These designs will be realized within the next five years, with the first iterations by mid-2013 in the Netherlands.
The 'Smart Highway' project is truly the Route 66 of the future.
Text by Ryan Moritz
Mixing water, technology, and public art, the Water Light Graffiti project is at once fluid and beautiful while at the same time transitory and digital. The project was conceived at Digitalarti, a lab dedicated to the digital art community at large. Welcoming artists, organizers, galleries, and collectors, the site and quarterly print magazine invites the public to share experiences, information and digital tools.
An artist in residence at Digitalarti Artlab, Antonin Fourneau created the Water Light Graffiti project. As described by the artist, the project surface is designed of thousands of LED lights which are illuminated by contact with water.
To activate the lights, one can use a paintbrush, spray bottle, sponge, or just about anything damp. The artist writes, "Water Light Graffiti is a wall for ephemeral messages in the urban space without deterioration. A wall to communicate and share magical in the city."
Subject Cécile Poignant - Text Ryan Moritz
Landscape Abbreviated is a art installation by the young artist Nova Jiang for Wave Hill, the public garden & cultural center located in the Bronx. She created a little kinetic maze, with a floating garden, control by machines. His goal was to create a experience where a simple intervention could create an unpredictable paths.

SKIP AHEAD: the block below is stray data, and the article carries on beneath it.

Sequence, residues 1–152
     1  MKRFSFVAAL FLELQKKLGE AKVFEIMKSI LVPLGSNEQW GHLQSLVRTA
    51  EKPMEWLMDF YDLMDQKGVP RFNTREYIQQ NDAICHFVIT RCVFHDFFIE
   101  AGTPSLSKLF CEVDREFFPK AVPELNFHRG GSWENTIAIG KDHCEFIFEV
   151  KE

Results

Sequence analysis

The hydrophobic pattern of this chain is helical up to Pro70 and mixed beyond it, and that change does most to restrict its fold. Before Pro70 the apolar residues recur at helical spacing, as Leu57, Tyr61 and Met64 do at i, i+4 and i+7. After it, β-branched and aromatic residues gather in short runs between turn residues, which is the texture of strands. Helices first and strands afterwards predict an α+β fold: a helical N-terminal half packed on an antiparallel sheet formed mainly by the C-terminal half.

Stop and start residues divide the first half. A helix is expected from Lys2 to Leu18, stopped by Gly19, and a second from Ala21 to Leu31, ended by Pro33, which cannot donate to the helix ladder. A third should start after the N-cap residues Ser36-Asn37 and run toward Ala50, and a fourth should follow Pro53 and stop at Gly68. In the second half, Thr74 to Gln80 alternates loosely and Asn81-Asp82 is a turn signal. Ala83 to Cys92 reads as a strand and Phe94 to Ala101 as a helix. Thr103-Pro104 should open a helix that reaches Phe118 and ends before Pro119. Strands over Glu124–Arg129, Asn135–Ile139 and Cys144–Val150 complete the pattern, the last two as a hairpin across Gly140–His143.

I especially love this «modern» adaptation of a maze with a software that randomize the path so accordingly change your way of thinking to find an exit. It’s a beautiful metaphor of the serendipity, have exterior effect that forcing you to think differently.
This installation is quite little, but imagine a street, even a city where the nature drives your behavior and not this opposite like today.
Thomas Bouillot - New Grids By Thomas
Thomas Bouillot is studying advertising/brand communication, he has already worked in several french and american design/advertising agencies for few internships.
He is interested in blending design, technology and strategy. He also interested in the international cultural difference, the New Hollywood period, Beatnik books, Arduino, triathlon…
In spring 2011 he launched "New Grids" with the aim to introduce people some design work and planning thought.
Thomas will regularly share with Trendtablet's friends his best found.
Feld is a german studio specialized in «digital crafts», they design some digital objects connected to the physical world, or like here to the nature.
We see more and more works that connect nature and technology, it’s like a will of find another way to the eternal debate digital vs craft/traditional. Both are necessary, and when both are connected, they can bring us great experiences.
In this project, an arduino based computer is connected to the grass, for translate into a heart beat the growing phenomenon. An original way to realize when your plants need attention or when they’re in good mood.